He describes it like "winning the musical lottery"; Mike Rosenberg - better known as Passenger - is referring to creating a song that went viral.
The sensation 'Let Her Go' has accumulated well over two billion views on YouTube alone, struck number one in at least 19 countries and earned the troubadour a Brit Award nomination.
More than that, the track gained the neo-folk singer-songwriter mass notability, and if anyone is more aware of the power of such a trend, it's Rosenberg.
"I think it was especially bizarre for me because I was a busker," he told Newshub.
"I was playing in pubs to 50 people a night; it didn't ever feel possible that I would have a song on the radio, let alone a song that would end up doing what it did.
"It was kind of a miracle that it managed to breakthrough on such a level, beyond that it meant so much to people.
"I think sometimes with songs, all you're ever trying to do is capture what everybody feels, and say it in a really simple way, if you think of some of the greatest songs ever written, that's all people are doing, as soon as people hear a song like that, they understand it instantly and it resonates with them and they can believe in it, and I think that's what 'Let Her Go' does."
Rosenberg admits it's almost luck for an acoustic, guitar-based song to create such a hype - nowadays he says you'd be hard pushed to find any on the radio that aren't sung by his mate Ed Sheeran.
Behind the hit was an eager Brighton-born lad, just trying to make his dreams a reality.
His career was kickstarted with the help of his parents who purchased him a guitar when he was eight or nine.
"I started playing classical guitar and I did that until I was about 15, by which time started writing my own songs. I just fell in love with it."
As he was starting out, like many musicians, Rosenberg was hit with an overwhelming feeling at times where he was left to wonder if the commitment and determination required to forge a career in music was worth it.
"It's a heartbreaking thing when you're pouring your heart and soul into songs, working really hard, and it just for a long time it doesn't really seem to be moving in the right direction."
After dropping out of school at 17 he worked in a kitchen, playing gigs around Brighton on the side before making a record with a band - Passenger.
The band fell apart after making a record and touring together but the name stuck, he says: "That's when I started going busking on my own."
He pushed through times of doubt by believing in the power of his music and would play his own songs when feeling lost to reimburse his motivation to be heard.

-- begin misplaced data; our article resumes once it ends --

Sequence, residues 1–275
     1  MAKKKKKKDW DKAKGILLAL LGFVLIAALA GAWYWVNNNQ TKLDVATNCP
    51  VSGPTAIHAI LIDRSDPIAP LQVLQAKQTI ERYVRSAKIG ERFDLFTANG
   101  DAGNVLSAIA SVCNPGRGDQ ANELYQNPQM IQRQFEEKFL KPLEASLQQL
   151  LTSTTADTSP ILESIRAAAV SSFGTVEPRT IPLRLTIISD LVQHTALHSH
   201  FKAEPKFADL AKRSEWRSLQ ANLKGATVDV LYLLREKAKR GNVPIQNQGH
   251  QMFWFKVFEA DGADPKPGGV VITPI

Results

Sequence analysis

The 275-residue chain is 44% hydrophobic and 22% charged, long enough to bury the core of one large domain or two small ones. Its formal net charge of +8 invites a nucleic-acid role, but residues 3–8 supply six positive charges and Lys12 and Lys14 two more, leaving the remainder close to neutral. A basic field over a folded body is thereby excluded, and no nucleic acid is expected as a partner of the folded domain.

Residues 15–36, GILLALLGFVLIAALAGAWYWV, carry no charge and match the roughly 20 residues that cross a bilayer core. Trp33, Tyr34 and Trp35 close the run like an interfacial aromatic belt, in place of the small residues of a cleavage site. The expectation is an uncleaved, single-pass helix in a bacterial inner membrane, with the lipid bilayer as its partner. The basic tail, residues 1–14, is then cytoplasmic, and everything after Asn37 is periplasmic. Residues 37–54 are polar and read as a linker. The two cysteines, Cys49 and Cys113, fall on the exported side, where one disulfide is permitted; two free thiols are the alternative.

The 'Hell or High Water' singer dropped his first solo record in 2009, Wide Eyes Blind Love, to a strong and positive response in Australia where he grew a loyal fan base, allowing him to sell out shows around the country.
He paid tribute to that alliance by recording his next two albums in Sydney, bringing to life 'Let Her Go' in 2012.
In the six years following, Rosenberg has soared to a status of every artist's envy with fans taking notice of his every subsequent release as he chases longevity in the industry and maintaining the commitment that saw him succeed originally.
Most recently - his tenth album in 11 years - Runaway, has already pushed boundaries, accumulating 25 million plays from advanced track streams on Spotify before its official release.
And in November, Rosenberg will bring his new music to New Zealand.
The East-Sussex native said he adores the country, having travelled over gigs and a recording session at Neil Finn's Roundhead Studios in Auckland.
"I absolutely loved that and living in Auckland for a month. It's one of my favourite places in the world.
"Of course, touring is one of the best things I get to do, we get to explore all these amazing places and keep on going back and start building a bond with different cities in different countries. It's amazing, I am so lucky."
As a person who didn't work very hard at school, wanting only to make music, Rosenberg believes a career as a recording artist was a very obvious choice.
"For as long as I can remember this is all I wanted to do."
He now speaks with buskers who are trying to establish their own place in the world and tries to ingrain into their beliefs that it can lead to something bigger.
"I think everything that I can say will probably sound quite cheesy, but it is possible and it's about taking a leap of faith, and just having that kind of blind faith in yourself and knowing that if you work exceptionally hard, then anything really is possible.
"Whoever you are, whatever you want to do, it really is possible."